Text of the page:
Elber Martínez was born in central Hidalgo state 30 years ago. He tried to find a job in Mexico City at the end of 2019, but was unsuccessful and moved to Monterrey instead. Within two days he had found a job as a substitute teacher for third grade children and is now finishing his studies while also working as a waiter. “It’s the best in Mexico. It’s either here or in the United States, ”Martínez said. He cannot vote as he is still registered with his home, but if he had the option, his vote would be cast for García, he said, due to his image as a reformist candidate who understands young people.
López Obrador is not yet halfway through his six-year term, but he has managed to become the center of all political attention
Just as the north recedes from the rest of the country, Morena has redoubled in popularity elsewhere. Even a rape charge did not prevent a ruling party candidate in Guerrero state from receiving the president’s full support and maintaining his popularity. He was subsequently disqualified from the race for other reasons. That said, Movimiento Ciudadano’s hypothetical triumph in Nuevo León would have an impact nationwide, as major secondary opposition looms for the remainder of the current government’s tenure. If PRI wins with Adrián de la Garza, however, he would become the de facto leader of a rambling opposition without some of the personalities who have made the president’s life difficult since his election in 2018.
López Obrador is not yet halfway through his six-year term, but he has managed to become the center of all political attention and free to set the agenda. From the pulpit of his morning press conferences, the president has always delivered a vision of a Mexico divided into adversaries of the “conservative party”, used to describe all critical voices, and its allies. Northern Mexico can now be added to the list of Conservatives. “I hope Morena wins absolutely nothing here to send the message that the north has woken up,” García said.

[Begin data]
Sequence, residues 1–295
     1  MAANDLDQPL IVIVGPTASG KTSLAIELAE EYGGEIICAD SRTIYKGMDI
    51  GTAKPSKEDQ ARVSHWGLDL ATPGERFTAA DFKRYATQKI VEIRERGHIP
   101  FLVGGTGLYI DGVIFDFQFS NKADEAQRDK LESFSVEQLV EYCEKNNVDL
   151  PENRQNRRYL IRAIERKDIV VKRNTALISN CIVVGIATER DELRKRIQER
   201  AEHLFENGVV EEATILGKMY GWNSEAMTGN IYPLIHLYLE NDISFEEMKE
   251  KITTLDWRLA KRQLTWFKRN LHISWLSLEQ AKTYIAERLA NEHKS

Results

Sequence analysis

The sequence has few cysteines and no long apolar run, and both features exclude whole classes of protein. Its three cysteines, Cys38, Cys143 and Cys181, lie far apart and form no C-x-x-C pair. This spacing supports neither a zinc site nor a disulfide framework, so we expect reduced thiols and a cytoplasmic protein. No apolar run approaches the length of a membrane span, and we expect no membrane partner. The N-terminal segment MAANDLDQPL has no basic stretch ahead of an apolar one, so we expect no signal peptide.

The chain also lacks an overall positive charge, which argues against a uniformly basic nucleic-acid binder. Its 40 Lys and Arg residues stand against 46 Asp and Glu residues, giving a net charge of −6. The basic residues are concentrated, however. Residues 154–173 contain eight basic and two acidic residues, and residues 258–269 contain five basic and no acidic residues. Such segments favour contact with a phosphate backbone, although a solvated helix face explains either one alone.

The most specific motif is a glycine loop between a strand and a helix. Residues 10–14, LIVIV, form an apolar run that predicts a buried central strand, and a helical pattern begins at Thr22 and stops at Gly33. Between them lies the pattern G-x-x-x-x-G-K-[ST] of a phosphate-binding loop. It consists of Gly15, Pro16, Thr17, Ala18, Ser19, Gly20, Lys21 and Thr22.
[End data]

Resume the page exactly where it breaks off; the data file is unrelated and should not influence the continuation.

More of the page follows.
The feuds between Mexico City and the north are also fully visible in the border state of Tamaulipas, where the ruling party’s national leader has been intimidated by an armed group in the town of Matamoros. Federal and state authorities clashed over the fate of the governor of Tamaulipas, Francisco García Cabeza de Vaca, a member of the National Action Party (PAN). García Cabeza de Vaca was stripped of his official immunity from prosecution weeks ago by the Mexican parliament so that the attorney general’s office could open an investigation into an alleged money laundering scandal. The Tamaulipas state legislature responded by rejecting the decision until a judge orders his arrest. This decision was then stayed by another judge. PAN describes the governor’s investigation as political persecution, while the president urged the justice system to resolve the case as quickly as possible.
The charges revolve around whether Cabeza de Vaca has accumulated undeclared property in Mexico and the United States, and despite evidence gathered by Mexican authorities, other opposition parties have also dismissed the investigation as being a “government-orchestrated political lynching”. For the Mexican president, however, this is another case of corruption of the type he was elected to root out.